By Brad Dicken and Jon Wysochanski
WELLINGTON — County Commissioner Matt Lundy criticized the Lorain County Fair Board on Wednesday for allowing the sale and display of the Confederate flag at the fairgrounds this year.
“I believe the families of Lorain County value and embrace diversity,” Lundy said during Wednesday’s commissioners’ meeting. “The Confederate flag is embraced by those who wish to divide us and by those groups promoting hatred in our country.”
Fair Board President Kim Meyers said Lundy complained to him Tuesday afternoon that vendors were selling the Confederate flag and he told him the board would look into the issue for next year.
He said he didn’t know Lundy, who is the only person to complain about the flag, planned to attack the Fair Board during a public meeting without inviting him to explain the board’s position.
“I don’t know whether his complaint was genuine or whether his complaint was politically motivated,” Meyers said.
The Confederate flag became a flashpoint in the ongoing conversation about race relations in the United States after Dylann Roof allegedly shot and killed nine people at Emmanuel AME Church in Charleston, S.C., in June during a racially motivated attack.
The killings prompted a push to remove the Confederate flag from the grounds of the South Carolina Statehouse and elsewhere it was on public display. The Ohio State Fair has banned selling the flag, a move Lundy praised Wednesday.
Meyers said the Fair Board had looked at the issue in the weeks leading up to the fair and found that the decision whether to allow Confederate flag merchandise was up to the individual fairs. He said there were also legal concerns about whether banning the sale of the flag would constitute a free speech issue.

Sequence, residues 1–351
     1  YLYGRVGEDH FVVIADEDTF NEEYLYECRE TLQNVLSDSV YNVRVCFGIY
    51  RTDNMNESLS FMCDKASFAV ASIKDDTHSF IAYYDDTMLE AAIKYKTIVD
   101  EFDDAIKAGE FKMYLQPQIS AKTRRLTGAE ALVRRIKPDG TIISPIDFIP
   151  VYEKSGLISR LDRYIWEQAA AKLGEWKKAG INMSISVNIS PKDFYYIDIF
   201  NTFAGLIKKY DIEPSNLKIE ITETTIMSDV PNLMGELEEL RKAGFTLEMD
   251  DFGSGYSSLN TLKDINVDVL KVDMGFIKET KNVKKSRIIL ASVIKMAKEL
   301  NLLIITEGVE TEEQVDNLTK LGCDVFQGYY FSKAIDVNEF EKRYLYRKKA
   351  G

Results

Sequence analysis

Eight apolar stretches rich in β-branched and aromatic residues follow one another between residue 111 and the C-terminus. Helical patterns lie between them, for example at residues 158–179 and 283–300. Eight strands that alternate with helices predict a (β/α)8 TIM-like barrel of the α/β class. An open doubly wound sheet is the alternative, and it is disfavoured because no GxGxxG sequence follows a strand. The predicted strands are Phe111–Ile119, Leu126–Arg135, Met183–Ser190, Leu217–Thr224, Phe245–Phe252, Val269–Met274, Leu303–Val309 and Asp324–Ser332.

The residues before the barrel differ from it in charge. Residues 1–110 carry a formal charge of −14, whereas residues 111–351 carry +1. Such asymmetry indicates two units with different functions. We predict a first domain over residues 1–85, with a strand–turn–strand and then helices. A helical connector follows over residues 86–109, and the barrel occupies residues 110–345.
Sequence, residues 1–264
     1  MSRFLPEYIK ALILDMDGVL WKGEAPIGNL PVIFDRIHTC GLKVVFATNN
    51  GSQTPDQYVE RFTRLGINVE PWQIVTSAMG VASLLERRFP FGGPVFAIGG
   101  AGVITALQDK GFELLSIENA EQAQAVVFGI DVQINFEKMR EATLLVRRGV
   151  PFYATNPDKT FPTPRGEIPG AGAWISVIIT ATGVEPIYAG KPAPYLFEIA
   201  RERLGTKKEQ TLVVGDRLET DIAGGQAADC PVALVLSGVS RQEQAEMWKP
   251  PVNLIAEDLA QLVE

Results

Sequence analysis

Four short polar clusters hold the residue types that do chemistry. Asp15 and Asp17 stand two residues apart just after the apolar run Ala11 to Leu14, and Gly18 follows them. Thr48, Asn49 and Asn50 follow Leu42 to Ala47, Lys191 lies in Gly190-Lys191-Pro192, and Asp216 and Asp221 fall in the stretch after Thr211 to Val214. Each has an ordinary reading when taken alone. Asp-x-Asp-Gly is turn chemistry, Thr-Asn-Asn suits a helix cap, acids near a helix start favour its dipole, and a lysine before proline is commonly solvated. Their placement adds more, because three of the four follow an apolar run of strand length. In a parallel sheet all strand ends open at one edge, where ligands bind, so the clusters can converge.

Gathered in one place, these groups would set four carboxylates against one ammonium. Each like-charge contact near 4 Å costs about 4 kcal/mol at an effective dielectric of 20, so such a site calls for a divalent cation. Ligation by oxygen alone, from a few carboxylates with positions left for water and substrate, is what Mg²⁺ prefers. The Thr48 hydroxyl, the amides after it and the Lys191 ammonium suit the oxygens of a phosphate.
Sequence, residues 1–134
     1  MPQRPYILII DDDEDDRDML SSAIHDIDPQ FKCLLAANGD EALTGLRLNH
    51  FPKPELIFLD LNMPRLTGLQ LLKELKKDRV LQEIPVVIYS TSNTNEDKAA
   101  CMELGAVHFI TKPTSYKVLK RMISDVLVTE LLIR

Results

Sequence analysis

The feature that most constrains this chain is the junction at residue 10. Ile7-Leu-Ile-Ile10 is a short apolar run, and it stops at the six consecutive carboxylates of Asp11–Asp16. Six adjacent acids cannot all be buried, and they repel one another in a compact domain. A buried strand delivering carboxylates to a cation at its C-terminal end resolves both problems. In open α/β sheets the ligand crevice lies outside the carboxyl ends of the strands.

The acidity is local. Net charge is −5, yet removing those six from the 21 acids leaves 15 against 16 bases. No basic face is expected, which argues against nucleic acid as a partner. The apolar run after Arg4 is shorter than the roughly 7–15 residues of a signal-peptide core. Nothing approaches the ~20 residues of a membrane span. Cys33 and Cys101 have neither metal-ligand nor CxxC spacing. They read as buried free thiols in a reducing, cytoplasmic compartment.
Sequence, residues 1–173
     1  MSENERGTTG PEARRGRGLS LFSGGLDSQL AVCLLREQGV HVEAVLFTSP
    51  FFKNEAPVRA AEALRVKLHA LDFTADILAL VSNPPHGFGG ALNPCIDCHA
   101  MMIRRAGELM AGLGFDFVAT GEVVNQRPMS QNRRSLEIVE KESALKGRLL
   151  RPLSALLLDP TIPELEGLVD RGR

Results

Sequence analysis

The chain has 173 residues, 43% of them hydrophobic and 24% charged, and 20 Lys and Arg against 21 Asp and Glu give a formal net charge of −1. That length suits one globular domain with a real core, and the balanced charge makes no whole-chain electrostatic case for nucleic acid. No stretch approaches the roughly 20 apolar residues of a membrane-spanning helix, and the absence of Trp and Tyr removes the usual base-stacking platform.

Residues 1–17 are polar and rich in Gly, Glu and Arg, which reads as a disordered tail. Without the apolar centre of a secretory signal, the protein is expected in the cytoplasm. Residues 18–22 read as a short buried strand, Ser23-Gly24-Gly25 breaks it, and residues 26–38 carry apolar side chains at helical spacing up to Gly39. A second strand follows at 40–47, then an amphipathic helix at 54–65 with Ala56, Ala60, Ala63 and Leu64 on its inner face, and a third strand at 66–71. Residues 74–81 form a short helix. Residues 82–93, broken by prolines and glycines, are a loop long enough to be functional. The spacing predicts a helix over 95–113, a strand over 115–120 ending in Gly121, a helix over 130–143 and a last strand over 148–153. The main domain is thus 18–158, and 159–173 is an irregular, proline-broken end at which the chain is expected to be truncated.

“Personally, I find it repulsive to deface or burn the American flag, but it’s protected speech,” Meyers said.
He said because the fair was so close, the board decided to put off further discussion of a ban on the Confederate flag until its September meeting.
Under the regulations for vendors, the Fair Board can bar “concessions of questionable nature.”
Russell Bissett, a vendor from West Virginia who is selling the Confederate flag at the county fair this year, said the controversy surrounding the flag has been blown out of proportion by what he called politically correct and revisionist politicians and historians aiming to take more and more rights away from Americans.
“Pretty soon we’ll be a communist country at the rate we’re going,” the Air Force veteran said. “When I was in the service, I was proud to defend our country and freedom. Now, I don’t think I could do it because I’d be ashamed of what we’re becoming.”
Surrounded by Confederate flag sheets, swimming suits, belt buckles, T-shirts, bumper stickers and hats, Bissett said he’s been selling Confederate merchandise for more than three decades with no problems. He said he’s been selling the merchandise at the Lorain County Fair for the past four years without any complaints.
Although he admitted slavery was a big factor in what ultimately led to the Civil War, Bissett said the war was more about states getting trampled on by an out-of-control federal government and the flag has come to symbolize those who believe the federal government continues to abuse its powers.
“It has nothing to do with slavery,” he said. “The government is just trying to take away our rights. If they get away with this, they’ll take away the American flag next and there are a lot of veterans in this country that won’t put up with it, including me.”
Lundy said the flag is offensive and was being displayed to make a political statement.
“And for those who say it’s about heritage, Ohio is not a Southern state,” he said. “Your argument is shallow and hollow. The Confederate flag has no place in Ohio or in our country.”
Contact Brad Dicken at 329-7147 or email@example.com. Follow him on Twitter @BradDickenCT. Contact Jon Wysochanski at 329-7123 or firstname.lastname@example.org. Follow him on Twitter @JonWysochanski.